Introducing API Token Authentication for Bitbucket
We are happy to announce we have just released a new member of the API Token authentication family!
But I thought that Bitbucket already had personal access tokens!
Yes, indeed. Bitbucket ships with personal access tokens so that users can leverage secure access to the Bitbucket REST API.
If you’re used to Bitbucket’s personal access tokens, jumping onto API Token Auth will be quite transparent, because there are important similarities.
Similarities between Bitbucket personal access tokens and resolution’s API tokens for Bitbucket
Similarity 1: Tokens can do what the user can do
For starters, a token will have the same permissions of the user who creates it.
For example, if Mary Smith can fork a repository in project A but not in project B, Mary’s token can be used to fork a repository in project A, but not in project B.
Similarity 2: Token scopes
On top of the user permissions, you can restrict what a token can do even further.
Here’s where the approach differs a bit.
- With resolution’s API Token Authenticator for Bitbucket, you can two types of scopes:
- Read only permits GET, HEAD and OPTIONS requests
- Read & write also permits PUT, POST, DELETE
- From Bitbucket, the permission options are a bit more intricate
Differences between Bitbucket personal tokens and resolution’s tokens for Bitbucket
Beyond the similarities, there are some major differences that can improve the security of Bitbucket and give administrators more options to control who has the rights to connect to the API, and for doing what.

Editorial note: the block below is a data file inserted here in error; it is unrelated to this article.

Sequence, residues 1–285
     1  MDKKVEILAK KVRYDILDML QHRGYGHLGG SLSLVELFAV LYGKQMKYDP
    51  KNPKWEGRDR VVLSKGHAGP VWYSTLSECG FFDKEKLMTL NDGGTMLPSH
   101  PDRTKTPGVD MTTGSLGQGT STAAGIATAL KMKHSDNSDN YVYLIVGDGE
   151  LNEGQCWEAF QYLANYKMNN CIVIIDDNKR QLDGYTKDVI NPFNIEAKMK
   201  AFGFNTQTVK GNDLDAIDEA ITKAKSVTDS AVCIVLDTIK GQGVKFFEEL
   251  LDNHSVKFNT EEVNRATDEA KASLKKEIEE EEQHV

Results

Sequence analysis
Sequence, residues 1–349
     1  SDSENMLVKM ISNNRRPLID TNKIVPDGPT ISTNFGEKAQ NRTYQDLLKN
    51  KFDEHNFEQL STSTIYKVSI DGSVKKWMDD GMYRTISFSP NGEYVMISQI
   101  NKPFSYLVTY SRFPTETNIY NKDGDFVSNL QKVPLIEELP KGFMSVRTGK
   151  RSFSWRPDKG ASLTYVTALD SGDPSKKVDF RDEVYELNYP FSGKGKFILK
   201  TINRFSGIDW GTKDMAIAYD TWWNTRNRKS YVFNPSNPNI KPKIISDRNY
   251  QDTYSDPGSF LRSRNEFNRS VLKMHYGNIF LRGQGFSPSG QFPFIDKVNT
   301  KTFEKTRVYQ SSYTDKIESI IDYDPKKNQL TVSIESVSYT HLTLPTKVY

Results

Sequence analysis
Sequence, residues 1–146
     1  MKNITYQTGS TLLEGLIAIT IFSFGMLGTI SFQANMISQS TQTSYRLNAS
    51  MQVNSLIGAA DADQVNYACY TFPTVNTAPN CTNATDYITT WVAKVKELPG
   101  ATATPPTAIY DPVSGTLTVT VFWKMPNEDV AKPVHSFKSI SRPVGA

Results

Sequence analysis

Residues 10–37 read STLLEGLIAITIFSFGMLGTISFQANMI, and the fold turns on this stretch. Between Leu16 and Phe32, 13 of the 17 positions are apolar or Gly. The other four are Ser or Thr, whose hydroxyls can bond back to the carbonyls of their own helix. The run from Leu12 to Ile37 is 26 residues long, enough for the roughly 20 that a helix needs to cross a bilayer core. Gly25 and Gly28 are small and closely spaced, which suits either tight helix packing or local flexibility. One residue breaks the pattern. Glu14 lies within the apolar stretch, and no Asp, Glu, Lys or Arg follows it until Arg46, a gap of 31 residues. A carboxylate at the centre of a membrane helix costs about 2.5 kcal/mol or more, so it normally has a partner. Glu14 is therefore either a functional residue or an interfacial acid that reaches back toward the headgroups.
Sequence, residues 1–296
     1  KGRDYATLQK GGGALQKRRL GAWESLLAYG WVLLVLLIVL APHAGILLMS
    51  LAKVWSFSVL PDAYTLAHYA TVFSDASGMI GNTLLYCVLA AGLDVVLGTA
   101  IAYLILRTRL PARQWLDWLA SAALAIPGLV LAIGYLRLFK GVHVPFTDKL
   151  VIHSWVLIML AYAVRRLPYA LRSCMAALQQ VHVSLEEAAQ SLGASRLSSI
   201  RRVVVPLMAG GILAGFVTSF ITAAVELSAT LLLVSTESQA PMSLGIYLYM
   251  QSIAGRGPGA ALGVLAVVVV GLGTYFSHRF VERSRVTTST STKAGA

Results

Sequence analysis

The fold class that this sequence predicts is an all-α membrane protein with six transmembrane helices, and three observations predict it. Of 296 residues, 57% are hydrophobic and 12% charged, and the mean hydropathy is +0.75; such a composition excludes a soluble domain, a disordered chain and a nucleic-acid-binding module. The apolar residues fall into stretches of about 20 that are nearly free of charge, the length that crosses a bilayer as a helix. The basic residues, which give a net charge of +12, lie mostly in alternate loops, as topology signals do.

Difference 1: permissions to use and create tokens (also for other users)
In Bitbucket, every user can create an API token for himself, and admins can revoke tokens. Period.
With the API Token Auth permissions, on top of the same base functionality you can decide which groups get to:
- Use tokens
- Create tokens
- Create tokens on behalf of other users (and revoke other user’s tokens).
Bonus Trick: You can also restrict who gets to create read&write tokens with the options above.
Difference 2: Advanced system settings
As with the above, the older brothers of API Token Authenticator for Bitbucket already contained interesting restrictions that give additional security:
- Restrict API Tokens so they are only accepted if coming from specific IP addresses and ranges. This can be used to whitelist connections from authorized cloud vendors like Salesforce and from your own servers.
- when running Bitbucket behind a reverse proxy, admins can adjust the app config so that the client IP address making a request with an API Token is read from a different header. This makes it possible for IP address restrictions to work as intended also in that setting.
- Disable password authentication. If you want your users to stop using their passwords to access the API, this is an interesting option!
What’s coming next?
With this launch, API Token Authentication for Bitbucket has a complete set of functionality that we won’t expand in the short term.
But this can change, we’re always listening to our customers requirements.
What other features would you like to see?
We are highly responsive to the feature requests of our customers. Starting with SAML SSO, those feature requests have been the foundation to build our enterprise user management apps into the market leaders they currently are.
Start your evaluation
- Start your evaluation of API Token Authenticator for Bitbucket now from the Atlassian Marketplace.
- Evaluate API Token Authentication for Jira or API Token Authentication for Confluence
- Learn more about the apps in our documentation!
- Find out about other alternatives to personal access tokens
- Understand why no-code platforms can’t hash your password before they store it